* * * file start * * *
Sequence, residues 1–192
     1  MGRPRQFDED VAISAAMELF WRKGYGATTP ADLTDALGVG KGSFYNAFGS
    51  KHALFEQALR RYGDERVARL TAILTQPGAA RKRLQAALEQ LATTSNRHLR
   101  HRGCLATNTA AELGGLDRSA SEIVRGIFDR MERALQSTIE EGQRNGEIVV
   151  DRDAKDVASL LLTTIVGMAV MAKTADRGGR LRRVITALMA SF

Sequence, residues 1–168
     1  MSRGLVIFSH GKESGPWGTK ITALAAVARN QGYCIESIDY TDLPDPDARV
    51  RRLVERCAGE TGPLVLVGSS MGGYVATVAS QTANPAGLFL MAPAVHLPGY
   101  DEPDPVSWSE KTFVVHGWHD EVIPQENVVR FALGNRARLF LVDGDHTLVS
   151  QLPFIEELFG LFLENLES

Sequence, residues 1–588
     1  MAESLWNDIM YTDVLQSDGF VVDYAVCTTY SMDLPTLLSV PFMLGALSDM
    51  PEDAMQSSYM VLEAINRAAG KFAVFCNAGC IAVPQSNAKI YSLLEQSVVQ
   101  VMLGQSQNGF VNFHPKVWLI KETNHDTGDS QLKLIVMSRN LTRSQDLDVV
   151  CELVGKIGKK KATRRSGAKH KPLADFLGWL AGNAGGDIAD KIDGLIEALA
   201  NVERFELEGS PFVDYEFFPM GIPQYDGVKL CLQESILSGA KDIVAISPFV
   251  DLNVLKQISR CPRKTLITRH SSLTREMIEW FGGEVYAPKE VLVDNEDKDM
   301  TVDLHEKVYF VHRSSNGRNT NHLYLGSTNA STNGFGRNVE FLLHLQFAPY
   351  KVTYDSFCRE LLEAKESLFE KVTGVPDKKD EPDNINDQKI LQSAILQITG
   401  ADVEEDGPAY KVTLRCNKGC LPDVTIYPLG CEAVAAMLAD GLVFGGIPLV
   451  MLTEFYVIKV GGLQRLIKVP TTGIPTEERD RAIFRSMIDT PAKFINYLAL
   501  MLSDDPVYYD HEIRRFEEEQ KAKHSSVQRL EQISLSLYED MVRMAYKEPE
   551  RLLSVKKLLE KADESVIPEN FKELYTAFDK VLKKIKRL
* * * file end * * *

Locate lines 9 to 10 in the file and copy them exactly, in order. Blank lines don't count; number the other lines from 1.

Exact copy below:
   101  DEPDPVSWSE KTFVVHGWHD EVIPQENVVR FALGNRARLF LVDGDHTLVS
   151  QLPFIEELFG LFLENLES